The design by Hascher, Jehle & Assoziierte for the new Kunstmuseum Stuttgart on Kleiner Schlossplatz envisaged a cube with a maximally transparent shell. The Berlin architects brought Werner Sobek on board to plan the supporting structure and facade.
The core of the building is a concrete cube. It is clad in Jurassic limestone and encased in a second glass façade. During the day, this glass “skin” reflects the surroundings. At night, it becomes almost invisible due to the interior lighting – a charming interplay between transparency and reflection.
Interplay Between Transparency and Reflection
The art museum itself consists of the above-ground glass cube and exhibition spaces partly located below ground. They are housed in completely renovated tunnel tubes from the 1960s. The ground floor of the building is free of supports and thus offers the most flexible use possible for lectures, vernissages and room installations. Wall panels on the upper floors provide the necessary stiffening of the supporting structure.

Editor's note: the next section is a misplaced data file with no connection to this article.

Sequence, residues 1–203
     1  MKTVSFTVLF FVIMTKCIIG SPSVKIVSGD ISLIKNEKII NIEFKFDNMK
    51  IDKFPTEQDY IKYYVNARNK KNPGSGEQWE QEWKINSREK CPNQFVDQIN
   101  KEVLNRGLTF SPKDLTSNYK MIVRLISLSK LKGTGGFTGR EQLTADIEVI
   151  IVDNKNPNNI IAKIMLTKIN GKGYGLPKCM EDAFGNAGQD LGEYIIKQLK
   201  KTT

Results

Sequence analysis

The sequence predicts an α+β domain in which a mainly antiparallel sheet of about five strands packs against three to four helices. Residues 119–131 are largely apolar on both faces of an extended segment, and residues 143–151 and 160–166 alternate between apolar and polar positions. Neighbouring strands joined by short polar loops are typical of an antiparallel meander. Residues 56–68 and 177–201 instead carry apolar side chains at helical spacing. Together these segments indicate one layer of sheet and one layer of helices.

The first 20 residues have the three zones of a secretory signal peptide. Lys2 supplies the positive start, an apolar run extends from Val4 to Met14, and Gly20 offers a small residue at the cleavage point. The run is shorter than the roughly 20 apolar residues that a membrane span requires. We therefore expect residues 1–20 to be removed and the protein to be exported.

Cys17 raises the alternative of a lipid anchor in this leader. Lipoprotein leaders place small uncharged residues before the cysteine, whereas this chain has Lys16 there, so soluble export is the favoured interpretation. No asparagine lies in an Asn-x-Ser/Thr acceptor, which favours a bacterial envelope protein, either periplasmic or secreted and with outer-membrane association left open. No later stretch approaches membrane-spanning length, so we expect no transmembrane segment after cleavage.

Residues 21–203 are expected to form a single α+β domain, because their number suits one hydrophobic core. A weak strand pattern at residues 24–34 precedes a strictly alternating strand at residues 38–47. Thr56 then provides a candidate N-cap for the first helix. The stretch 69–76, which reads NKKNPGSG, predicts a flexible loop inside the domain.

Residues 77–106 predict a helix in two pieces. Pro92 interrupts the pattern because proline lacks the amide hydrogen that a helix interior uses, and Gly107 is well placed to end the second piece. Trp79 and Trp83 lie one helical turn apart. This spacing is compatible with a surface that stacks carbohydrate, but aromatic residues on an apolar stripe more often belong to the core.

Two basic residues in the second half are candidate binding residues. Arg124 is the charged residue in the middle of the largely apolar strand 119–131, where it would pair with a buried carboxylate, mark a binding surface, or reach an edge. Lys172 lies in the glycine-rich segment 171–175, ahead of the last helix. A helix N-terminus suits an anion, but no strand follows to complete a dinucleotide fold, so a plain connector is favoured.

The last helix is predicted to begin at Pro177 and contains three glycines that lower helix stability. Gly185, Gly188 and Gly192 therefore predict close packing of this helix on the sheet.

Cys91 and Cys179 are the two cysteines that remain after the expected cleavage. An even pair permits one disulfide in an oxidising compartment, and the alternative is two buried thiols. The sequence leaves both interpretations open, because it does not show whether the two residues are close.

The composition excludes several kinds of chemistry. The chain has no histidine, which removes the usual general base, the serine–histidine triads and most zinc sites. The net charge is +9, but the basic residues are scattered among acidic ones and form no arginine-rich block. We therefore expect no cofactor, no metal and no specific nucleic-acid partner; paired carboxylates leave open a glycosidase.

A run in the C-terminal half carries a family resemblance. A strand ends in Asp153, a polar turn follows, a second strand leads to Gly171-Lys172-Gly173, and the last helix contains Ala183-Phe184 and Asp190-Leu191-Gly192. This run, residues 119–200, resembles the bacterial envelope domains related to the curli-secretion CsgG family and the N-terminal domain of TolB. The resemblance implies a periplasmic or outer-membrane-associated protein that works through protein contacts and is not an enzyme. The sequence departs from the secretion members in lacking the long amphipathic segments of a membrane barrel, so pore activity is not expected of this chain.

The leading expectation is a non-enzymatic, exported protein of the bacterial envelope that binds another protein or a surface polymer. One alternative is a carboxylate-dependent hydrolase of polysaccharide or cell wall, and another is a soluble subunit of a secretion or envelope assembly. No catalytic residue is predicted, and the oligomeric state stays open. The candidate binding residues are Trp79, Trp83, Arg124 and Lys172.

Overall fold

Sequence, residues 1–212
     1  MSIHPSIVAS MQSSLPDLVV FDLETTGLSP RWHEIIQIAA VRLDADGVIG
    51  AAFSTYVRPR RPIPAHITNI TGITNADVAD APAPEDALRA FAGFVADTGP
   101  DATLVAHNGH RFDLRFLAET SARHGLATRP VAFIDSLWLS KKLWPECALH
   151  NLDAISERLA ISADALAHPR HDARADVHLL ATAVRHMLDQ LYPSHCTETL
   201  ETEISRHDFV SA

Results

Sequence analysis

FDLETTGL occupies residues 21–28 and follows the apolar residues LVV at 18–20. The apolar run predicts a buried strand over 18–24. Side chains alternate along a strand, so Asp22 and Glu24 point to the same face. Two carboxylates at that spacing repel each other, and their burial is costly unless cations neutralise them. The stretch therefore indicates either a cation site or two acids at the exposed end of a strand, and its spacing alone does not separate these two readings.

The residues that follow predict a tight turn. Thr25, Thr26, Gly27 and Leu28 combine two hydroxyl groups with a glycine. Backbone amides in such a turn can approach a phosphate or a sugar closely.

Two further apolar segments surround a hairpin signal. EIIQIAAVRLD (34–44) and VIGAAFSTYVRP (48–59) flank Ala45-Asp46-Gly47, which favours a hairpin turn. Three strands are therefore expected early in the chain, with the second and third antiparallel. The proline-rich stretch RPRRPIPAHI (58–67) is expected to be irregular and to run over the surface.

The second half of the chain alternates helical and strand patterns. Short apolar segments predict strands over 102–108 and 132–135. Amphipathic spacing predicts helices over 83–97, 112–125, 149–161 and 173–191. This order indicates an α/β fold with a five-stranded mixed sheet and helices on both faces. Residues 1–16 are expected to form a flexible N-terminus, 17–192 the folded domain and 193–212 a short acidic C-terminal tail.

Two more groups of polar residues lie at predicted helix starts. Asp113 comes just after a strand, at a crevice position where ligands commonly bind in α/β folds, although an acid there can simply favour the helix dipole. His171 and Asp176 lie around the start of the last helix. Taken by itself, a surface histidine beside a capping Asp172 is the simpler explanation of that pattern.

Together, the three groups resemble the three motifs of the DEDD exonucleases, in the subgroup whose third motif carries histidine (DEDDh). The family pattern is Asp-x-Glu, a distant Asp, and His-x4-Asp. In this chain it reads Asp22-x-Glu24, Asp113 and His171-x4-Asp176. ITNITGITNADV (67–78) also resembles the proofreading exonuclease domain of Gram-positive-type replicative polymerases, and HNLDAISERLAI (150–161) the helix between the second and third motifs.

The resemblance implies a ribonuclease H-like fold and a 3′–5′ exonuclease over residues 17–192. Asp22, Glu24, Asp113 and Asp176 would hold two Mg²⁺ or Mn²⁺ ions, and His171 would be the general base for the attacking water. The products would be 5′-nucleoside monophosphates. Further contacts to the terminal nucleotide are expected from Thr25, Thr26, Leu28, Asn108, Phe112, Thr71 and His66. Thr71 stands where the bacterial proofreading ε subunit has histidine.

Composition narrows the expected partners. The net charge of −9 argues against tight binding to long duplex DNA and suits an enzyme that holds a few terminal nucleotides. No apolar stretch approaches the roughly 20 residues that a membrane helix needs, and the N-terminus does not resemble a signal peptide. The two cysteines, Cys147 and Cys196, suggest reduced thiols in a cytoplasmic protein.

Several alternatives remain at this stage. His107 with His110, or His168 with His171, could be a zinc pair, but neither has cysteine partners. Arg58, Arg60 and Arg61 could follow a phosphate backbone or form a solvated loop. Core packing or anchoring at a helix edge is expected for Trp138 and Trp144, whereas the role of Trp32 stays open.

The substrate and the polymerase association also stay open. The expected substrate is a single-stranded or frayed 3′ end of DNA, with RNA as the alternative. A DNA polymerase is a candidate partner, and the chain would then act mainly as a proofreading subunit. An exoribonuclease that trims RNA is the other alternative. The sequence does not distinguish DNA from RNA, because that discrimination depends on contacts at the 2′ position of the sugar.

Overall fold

Transparent Supporting Structure for an Unobstructed View
The transparent roof of the art museum rests on a supporting grid from which the glass facade is also suspended. Horizontal loads on the facade are borne by glass gravity beams. The transparent supporting structure gives the building envelope of the Kunstmuseum an almost dematerialised appearance and allows an unobstructed view of the outside.
Hascher, Jehle & Assoziierte, Berlin/Germany
1999 − 2002
2001 − 2004
Services by Werner Sobek
- Structural engineering (jointly with Fichtner Bauconsult, Stuttgart/Germany) (WP 1 − 6 acc. to § 64 HOAI)
- Facade engineering (WP 1 − 8 acc. to UBF)
City of Stuttgart/Germany
Award for Good Buildings of the BDA Stuttgart 2005
Recognition of German Architecture Award 2005